Zara Business Plan (Haley Burton, Neil Colombini and Brendan Morley)

Topics: Fashion, Customer, Customer service Pages: 5 (1824 words) Published: February 23, 2009
Zara Business Plan
Haley Burton
Neil Colombini
Brendan Morley

A few broad questions related to the finance sector of the franchise are: Do you have the financial resources or means to get the resources required to buy a franchise?, will your capital provide you with a cushion for at least one year after you have paid for the franchise, allowing a one-year period of time to break even?, what is a high estimate of your fixed expenses such as rent and your variable and operating expenses such as wages and stock?. When buying the Zara franchise rights, the franchise fee typically varies between 5% and 10% of the franchise store’s sales. Included in that fee, Zara offers franchisees full access to corporate services, such as human resources, training, and logistics at no extra cost. They also allows them to return up to 10% of purchased merchandise, which is a higher level than many other franchisers permitted. This will cut down on the sunk cost that is purchased stock.

Then, breaking down the previous questions further, we have to ask ourselves more specific financial questions before buying the franchise. How much initial investment will you need to buy the franchise? We figured that the startup costs would include the franchise fee, employee training, operating licenses, equipment, and the expenses involved in running a retail space, such as moving expenses, furnishings, equipment, décor, signs, and landscaping. The employee training, however, is included in the franchise fee and the landscaping expenses are covered by the rent expense by the University Village complex owner. The franchise fee was estimated to cost from $20,000 to $30,000. The licensing, furniture, and equipment costs were estimated at $50,000.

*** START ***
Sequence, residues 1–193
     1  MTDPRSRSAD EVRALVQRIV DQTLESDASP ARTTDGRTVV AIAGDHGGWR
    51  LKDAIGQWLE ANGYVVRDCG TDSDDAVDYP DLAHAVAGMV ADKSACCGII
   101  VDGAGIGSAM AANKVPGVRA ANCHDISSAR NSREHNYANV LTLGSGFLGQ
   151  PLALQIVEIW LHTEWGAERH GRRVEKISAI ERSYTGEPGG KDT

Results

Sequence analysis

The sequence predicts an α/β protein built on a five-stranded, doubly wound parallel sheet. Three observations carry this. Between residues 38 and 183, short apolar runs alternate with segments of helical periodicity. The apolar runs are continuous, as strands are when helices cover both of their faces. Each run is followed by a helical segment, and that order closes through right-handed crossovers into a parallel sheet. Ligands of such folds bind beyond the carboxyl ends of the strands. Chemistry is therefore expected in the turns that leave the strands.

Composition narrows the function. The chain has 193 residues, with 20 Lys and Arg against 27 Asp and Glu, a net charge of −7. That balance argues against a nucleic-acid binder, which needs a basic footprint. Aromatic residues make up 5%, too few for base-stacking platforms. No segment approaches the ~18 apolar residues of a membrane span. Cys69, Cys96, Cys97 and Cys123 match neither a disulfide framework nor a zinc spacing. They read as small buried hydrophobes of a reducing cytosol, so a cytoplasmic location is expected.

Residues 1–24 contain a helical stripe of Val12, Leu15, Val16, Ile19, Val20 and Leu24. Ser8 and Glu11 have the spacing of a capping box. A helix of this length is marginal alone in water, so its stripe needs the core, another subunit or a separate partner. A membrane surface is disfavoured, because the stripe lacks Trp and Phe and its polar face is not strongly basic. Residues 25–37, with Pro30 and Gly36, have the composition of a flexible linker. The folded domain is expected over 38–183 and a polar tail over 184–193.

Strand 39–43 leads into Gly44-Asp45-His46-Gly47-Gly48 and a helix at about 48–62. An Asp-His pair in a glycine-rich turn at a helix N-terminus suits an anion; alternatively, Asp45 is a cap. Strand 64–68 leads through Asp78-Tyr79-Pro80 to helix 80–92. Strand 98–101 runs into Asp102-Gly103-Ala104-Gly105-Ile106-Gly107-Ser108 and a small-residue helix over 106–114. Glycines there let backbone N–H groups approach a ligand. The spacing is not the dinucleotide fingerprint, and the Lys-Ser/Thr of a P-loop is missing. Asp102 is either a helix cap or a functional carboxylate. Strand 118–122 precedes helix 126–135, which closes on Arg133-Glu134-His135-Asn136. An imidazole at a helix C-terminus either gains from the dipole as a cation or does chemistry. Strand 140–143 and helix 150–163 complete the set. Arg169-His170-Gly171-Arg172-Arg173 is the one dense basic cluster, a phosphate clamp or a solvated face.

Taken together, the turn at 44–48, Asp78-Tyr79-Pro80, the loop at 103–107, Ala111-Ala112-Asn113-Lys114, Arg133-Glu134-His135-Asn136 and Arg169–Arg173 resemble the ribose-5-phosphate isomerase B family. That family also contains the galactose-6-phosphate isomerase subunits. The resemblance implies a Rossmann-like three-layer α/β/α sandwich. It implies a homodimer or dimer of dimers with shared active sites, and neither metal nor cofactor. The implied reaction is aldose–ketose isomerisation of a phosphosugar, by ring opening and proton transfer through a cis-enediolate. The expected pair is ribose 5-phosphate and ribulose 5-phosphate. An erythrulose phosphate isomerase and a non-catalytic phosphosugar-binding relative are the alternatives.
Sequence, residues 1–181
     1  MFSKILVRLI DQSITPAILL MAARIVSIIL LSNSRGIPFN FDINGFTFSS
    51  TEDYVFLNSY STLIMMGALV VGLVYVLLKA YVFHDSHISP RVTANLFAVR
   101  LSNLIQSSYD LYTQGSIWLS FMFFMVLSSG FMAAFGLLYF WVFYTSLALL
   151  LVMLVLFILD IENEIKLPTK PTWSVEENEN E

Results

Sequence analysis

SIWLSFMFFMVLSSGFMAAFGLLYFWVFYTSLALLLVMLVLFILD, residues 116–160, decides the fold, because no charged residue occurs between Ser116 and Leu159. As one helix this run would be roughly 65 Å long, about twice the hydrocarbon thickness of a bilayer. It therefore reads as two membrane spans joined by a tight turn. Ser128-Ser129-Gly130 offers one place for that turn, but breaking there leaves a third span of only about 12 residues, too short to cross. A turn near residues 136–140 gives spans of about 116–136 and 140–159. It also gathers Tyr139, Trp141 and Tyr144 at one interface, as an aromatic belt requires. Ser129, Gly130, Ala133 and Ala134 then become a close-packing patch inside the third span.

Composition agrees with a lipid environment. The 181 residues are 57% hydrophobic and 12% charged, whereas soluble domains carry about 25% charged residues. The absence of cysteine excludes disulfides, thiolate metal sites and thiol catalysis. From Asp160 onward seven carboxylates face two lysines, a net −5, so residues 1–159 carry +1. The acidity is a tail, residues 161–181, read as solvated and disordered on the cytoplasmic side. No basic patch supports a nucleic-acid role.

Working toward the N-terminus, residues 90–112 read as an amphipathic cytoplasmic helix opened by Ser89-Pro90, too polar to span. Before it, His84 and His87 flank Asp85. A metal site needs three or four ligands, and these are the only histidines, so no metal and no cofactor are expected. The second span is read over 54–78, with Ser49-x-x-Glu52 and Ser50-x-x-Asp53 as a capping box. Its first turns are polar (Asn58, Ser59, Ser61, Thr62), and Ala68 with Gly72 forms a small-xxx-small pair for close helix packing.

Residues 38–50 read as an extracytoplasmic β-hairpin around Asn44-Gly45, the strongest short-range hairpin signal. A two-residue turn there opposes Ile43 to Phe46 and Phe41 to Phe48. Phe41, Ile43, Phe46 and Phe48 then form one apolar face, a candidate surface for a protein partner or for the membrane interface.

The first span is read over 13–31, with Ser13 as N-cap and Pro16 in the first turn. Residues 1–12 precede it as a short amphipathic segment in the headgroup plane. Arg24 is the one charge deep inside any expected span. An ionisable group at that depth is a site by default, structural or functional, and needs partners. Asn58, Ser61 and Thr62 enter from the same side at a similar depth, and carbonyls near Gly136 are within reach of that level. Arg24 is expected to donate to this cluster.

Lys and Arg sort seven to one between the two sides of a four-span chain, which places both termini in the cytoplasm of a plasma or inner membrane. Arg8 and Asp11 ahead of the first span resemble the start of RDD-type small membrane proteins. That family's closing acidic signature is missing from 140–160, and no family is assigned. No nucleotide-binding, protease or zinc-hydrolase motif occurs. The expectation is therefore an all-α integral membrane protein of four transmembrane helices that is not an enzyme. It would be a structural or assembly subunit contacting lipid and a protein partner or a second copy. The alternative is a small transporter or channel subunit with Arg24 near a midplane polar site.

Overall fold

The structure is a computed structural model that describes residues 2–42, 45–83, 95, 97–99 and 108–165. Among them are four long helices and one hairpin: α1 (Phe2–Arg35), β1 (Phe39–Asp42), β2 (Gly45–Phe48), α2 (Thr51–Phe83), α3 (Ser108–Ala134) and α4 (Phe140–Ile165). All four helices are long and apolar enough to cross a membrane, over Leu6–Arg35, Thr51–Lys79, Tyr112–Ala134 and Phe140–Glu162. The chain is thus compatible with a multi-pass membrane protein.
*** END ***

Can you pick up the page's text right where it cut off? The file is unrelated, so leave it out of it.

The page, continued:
Franchise FeeEstimate$20,000-$30,000
Employee TrainingIncluded in franchise fee
Equipment & FurnishingsEstimate$50,000
Total $70,000-$80,000

The next question we developed was, what are your ongoing expenses until the business starts showing a profit? Ongoing expenses generally include paying royalties to the franchiser, advertising fees, equipment maintenance, employee costs, rent, and inventory. According to Zara, they charge 5% to 10% percent of the franchise stores sales as a royalty cost based on a yearly revenue amount of 1.5 million dollars a year (based on a goal of sales equaling $300 per square foot). The rent cost of the retail space is $30.00 per square foot times the 5,000 square feet in the store. Following Zara’s business plan of limited advertising; they calculate that it should cost no more that 0.3% of the stores total sales. When calculating employee costs, we based our calculations on have 2 store managers and 10 associates. The managers will be paid fixed incomes of $40,000 with incentive bonuses up to an additional one-half. The associates will be paid $10 an hour. All of our employees will get benefits, equaling 40% of their wages.

Royalties5% - 10% of Sales$75,000 - $150,000 *
Rent$30/ft2 * 5,000 ft2$150,000
Advertising0.3% of total sales$4,500
Manager Wages2 * $40,000 + Bonuses up to one-half of salary$80,000 - $160,000 Associates Wages10 People + $10/ hr. * 2000 wrk hrs/year$200,000 Benefits40% of salary$32,000 - $80,000
Total $541,500 - $744-500
* Based on a yearly revenue equaling $1.5 million.

The next question we came up with was how much available cash do we have to put towards the franchise? We knew that we needed to evaluate the assets we have available to meet our initial and ongoing expenses. This was a difficult question for us to consider since we do not know what kind of financial standing we will be in when we reach the time in our lives when we are to make the decision whether or not to buy the rights to the Zara franchise.

The last financial related question that we struggle with was what financing can we get to make up the difference between our expenses and cash investment?...
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